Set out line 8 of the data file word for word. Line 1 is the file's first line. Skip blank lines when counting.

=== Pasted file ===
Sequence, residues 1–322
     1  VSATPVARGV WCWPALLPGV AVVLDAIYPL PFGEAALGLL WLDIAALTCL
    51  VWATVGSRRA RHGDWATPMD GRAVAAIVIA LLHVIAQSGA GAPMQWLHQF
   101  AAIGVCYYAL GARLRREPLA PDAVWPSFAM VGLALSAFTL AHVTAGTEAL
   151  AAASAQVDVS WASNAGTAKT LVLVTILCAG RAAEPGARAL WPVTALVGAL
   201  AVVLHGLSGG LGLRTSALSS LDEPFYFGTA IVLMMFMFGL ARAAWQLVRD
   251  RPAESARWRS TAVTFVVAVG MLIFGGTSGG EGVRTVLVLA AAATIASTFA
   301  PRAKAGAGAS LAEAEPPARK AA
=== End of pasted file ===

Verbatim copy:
   301  PRAKAGAGAS LAEAEPPARK AA